This episode is extreme, but it points to a common thread in many of the stories of racism I encountered in my research. The agenda of these clubs is exercised through subtle, manipulative devices. Nobody is ever touched, inflammatory words are never used, but enough of a case is mounted to justify action. Clothes are worn in "the wrong way"; somebody is suddenly "suspected of selling drugs."
For Fabio, the next step has to be an organised campaign, something to draw vocal attention to the constant and unending frustration the area creates. "I'm glad the DSTRKT story broke, but something bigger has to be done," he said. "There is much more to this than meets the eye." Throughout our conversation, he drew an interesting parallel with the Kick Racism Out of Football campaign that since being established in the UK in 1993 has, while not eradicating racism in the country's football community, stigmatised it to the point it has become publicly unacceptable.
"I used to watch games on TV with the sound turned down because I could hear the black players getting booed or getting monkey chants, but they did something," he explained, "and I think that's what this needs. It's a problem that's been buried, but clubland needs this."
Where can we go from here? Once racism in clubland is recognised, how do we go about challenging not only door policies, but the regressive attitudes that motivate them? For an authoritative opinion on what real progress—if any—can be made, I turned to Kate Osamor. As Labour MP for Edmonton, East London, she maintains an open dialogue with residents and businesses in her constituency, so understands better than most the experiences of Londoners today, and as far as the situation on the West End is concerned, she's also grown up experiencing nightlife in the capital as a person of colour.
"For me growing up, listening to acid and jungle, we used to go to warehouses because that was the only way we could get in," she tells me, referring to her early days in the London club scene during the late 1980s. "The crowd was completely mixed together, because we were allowed; it was encouraged. You'd have more fun that way, and you'd learn from each other." Based on the egalitarian spirit of these early clubbing experiences, Osamor believes that for the situation to change, the culture of the entire area has to change. "The West End isn't about that," she said, referring to the principles that guided her experiences of clubland. "It's about the elite, it's about class."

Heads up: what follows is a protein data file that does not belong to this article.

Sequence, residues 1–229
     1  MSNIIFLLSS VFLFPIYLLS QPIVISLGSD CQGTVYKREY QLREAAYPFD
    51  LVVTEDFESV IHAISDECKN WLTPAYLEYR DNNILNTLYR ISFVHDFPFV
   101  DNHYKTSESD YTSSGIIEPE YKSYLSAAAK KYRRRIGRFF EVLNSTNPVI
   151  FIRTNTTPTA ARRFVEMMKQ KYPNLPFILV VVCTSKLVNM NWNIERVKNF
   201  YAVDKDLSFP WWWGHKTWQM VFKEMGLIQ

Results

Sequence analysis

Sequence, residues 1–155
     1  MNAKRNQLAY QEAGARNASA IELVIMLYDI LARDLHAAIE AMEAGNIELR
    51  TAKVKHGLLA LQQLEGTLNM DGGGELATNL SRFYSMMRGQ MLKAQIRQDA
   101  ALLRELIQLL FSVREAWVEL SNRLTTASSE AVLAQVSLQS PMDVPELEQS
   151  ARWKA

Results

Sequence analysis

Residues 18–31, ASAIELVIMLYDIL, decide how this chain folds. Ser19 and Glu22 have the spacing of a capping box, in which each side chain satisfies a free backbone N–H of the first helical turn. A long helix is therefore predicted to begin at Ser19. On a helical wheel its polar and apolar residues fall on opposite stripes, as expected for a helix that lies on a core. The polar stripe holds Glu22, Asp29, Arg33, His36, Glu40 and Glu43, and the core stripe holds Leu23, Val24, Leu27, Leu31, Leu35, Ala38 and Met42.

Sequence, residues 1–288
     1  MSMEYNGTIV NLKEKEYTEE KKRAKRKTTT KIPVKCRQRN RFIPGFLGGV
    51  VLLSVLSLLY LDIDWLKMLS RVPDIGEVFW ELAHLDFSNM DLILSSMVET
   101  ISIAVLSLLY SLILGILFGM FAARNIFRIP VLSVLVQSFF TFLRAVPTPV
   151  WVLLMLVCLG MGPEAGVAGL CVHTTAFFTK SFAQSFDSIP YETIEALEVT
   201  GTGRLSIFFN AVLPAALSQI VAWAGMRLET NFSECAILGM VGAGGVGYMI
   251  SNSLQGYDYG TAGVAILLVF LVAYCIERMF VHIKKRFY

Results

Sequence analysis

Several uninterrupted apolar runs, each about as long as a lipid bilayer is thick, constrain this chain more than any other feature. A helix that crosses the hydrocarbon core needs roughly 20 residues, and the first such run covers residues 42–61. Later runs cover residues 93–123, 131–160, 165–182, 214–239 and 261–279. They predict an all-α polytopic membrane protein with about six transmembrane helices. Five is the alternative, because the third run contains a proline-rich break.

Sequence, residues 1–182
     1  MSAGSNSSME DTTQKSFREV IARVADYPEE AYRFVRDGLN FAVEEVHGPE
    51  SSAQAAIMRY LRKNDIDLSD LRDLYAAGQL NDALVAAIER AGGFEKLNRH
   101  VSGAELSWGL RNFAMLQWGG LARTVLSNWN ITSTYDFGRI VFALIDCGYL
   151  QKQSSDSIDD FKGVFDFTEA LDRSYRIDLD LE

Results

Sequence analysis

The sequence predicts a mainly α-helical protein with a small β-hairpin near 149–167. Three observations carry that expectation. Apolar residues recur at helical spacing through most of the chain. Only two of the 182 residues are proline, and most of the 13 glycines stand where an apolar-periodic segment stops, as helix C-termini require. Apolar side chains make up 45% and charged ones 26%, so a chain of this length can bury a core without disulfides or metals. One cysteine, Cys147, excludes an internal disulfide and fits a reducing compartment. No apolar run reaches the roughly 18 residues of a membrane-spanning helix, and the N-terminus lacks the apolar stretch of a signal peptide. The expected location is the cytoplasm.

What much of this comes down to, of course, is the increasing structural inequality in the city, along with a lack of black-owned clubs. With the rising rents and growing income inequality across central London, the playing field for fledgling business is more competitive than ever. "If you are a young black guy coming up and trying to open a club, you are going to be blocked from competing alongside the big hitters," Osamor told me. Still, facilitating support for black-owned businesses, she believes, has to start with licensing board's attitudes towards black culture and new ventures. "It's up to whoever is licensing clubs to offer spots to new businesses to allow competition. That way the rules can change. What's happened in the West End is that a monopolising set of clubs have evolved and small club owners haven't got a way in."
Yet for black-owned and black-friendly spaces to succeed, Kate also feels a shift has to occur within black communities, namely in what she feels is a hypocritical failing to "support our own." With reference to the DSTRKT incident specifically, she felt it was important to question why the conversation was taking place there in the first place. "If a black club opened up in Tottenham or Peckham, those girls wouldn't go there, and that's part of the problem," she said. "We are drawn to places where we're not welcome. We feel that it's going to elevate our status."
"Those girls, had they got in, would they have said, "What about the other black girls in the queue?" I don't know: I don't know them. But that is part of the problem: if we get in, we don't look back. We don't question our own motives."
For Kate, the issue with clubs in central London is one small component in a larger conversation that Britain still needs to face up to with regards to its relationship with minority groups. Additionally, while the episode at DSTRKT focused on the plight of four black females, it is important to recognise the struggles of black males, a group Osamor feels face as many, if not more, barriers to success. "It is so much harder for black guys to get on in society," she said. "Your stature is so low that if you see a black guy is in a club, then he must be a drug dealer. Then, for black men, if they do well, it's never reported in the way it should be. People need to see that a black guy isn't just a footballer or an athlete."
"Clubland needs to address this, the West End needs to fucking wake up." - DJ Fabio
To move forward, we have to challenge the way our society understands blackness. "We need to celebrate black success and we don't do that enough," Osamor says. "I think if we did that would help combat some of these stereotypes that have created this situation in the first place."